Results 121–140 of 833 for speaker:Sir Isaac Pitman

Printing Industry (Dispute) (6 Jul 1959)

Sir Isaac Pitman: The hon. Member very kindly said that he would give way to me. On the first point which he made, I claim, and my hon. Friends will claim, that the printing industry has rightly benefited by marvellous new developments. Otherwise, how could people be earning over £1,000 a year? Secondly, I want to make it clear that I said that it was highly desirable that such wages should be paid. It is...

Printing Industry (Dispute) (6 Jul 1959)

Sir Isaac Pitman: Can the hon. Member authoritatively assure me that any competent printer would be admitted to the Typographical Association if he had been working in a printing firm?

Printing Industry (Dispute) (6 Jul 1959)

Sir Isaac Pitman: Spelling reform.

Printing Industry (Dispute) (6 Jul 1959)

Sir Isaac Pitman: I will confirm that promise. I should like the right hon. Gentleman to realise that this export printing is largely a question of content and not of quality. I am not running down the quality. Every publisher in London is selling more than 33⅓ per cent. of his books outside the country.

Condition of Private Industry (29 Jun 1959)

Sir Isaac Pitman: I would gladly go to the constituency of the hon. Gentleman the Member for Hayes and Harlington (Mr. Skeffington) to talk about this matter that he has raised in debate today. I would begin by saying that he and his party in their remuneration of chairmanships of the Electricity, Gas and Coal Boards are already up in the £10,000 class and in drawing expenses on a generous scale.

Condition of Private Industry (29 Jun 1959)

Sir Isaac Pitman: I had a first-class dinner, no doubt at the expense of one of the boards: at least I hope it was at the expense of the board and I hope the chairman drew expenses for himself as well as for me. He had, I know, expenses. If there is one thing I hate, it is the people who are envious and confuse quality with time. One is asked the idiotic question why Montgomery gets a sergeant, a servant, and...

Condition of Private Industry (29 Jun 1959)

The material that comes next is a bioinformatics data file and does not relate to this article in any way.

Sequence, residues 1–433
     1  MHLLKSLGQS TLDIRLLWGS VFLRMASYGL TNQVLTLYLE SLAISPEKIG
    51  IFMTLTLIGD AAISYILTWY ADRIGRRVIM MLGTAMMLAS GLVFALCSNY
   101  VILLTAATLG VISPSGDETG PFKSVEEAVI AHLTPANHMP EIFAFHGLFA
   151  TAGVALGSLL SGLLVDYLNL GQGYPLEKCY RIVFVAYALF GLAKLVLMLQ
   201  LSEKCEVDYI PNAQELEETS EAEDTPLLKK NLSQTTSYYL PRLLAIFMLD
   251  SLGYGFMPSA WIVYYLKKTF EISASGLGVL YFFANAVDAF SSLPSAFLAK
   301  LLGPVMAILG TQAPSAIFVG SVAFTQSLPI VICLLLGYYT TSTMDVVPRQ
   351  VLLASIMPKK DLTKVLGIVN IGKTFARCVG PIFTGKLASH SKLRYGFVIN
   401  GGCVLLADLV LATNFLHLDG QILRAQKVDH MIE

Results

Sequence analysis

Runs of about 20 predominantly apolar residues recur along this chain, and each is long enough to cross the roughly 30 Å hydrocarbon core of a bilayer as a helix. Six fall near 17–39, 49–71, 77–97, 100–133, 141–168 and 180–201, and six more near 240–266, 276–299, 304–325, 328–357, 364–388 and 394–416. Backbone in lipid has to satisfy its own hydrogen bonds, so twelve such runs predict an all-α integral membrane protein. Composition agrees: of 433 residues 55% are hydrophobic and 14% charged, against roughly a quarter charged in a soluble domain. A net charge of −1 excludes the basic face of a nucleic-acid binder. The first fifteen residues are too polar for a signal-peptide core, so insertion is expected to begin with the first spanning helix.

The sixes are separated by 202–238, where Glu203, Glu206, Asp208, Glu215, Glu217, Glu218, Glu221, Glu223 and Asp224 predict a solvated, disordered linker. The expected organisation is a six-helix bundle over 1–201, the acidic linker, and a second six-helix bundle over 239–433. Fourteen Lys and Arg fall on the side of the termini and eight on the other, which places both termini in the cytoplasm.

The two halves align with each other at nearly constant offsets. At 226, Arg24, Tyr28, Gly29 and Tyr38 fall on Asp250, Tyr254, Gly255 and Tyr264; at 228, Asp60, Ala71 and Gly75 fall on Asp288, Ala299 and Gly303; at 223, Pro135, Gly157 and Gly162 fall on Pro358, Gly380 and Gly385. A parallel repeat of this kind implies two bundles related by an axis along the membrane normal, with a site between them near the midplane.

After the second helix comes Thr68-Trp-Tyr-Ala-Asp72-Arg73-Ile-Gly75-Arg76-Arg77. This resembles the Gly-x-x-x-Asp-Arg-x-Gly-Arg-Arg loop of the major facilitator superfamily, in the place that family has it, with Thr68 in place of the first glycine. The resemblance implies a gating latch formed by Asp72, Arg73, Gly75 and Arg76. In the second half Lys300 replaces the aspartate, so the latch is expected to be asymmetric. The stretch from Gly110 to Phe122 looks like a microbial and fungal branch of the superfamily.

Sir Isaac Pitman: I am glad that the hon. Member agrees. The right hon. Member for Huyton started off by saying that there were good take-over bids. He said that they produced better industrial efficiency, better management and better utilisation of capital, and he gave many other euconiums as well. Underlying this praise of the good take-over, I felt, was the right hon. Gentleman's resentment that even in...

Condition of Private Industry (29 Jun 1959)

Sir Isaac Pitman: I will gladly give way if the right hon. Gentleman can give a single example of that nature. My complaint and the point I was making is that hon. Members opposite bring forward their Motion concerning what they call the undesirable developments in private industry, including take-over bids and do not produce a single case in point. But let us suppose that there are such cases in point. Let...

Condition of Private Industry (29 Jun 1959)

Sir Isaac Pitman: That is a completely different issue. It shows the purely anti-capitalist, anti-profit attitude of hon. Members opposite. This question is being dealt with on the basis not of reason, but of emotion and spleen. The right hon. Member for Huyton said that my hon Friend the Member for Louth (Mr. Osborne) was not an intellectual Fabian. At any rate, my hon. Friend has his feet on the ground and...

Condition of Private Industry (29 Jun 1959)

Sir Isaac Pitman: If that is so, any such ignorance is based on what the right hon. Gentleman said. He said he was going to judge what firms were to be nationalised by certain criteria.

Condition of Private Industry (29 Jun 1959)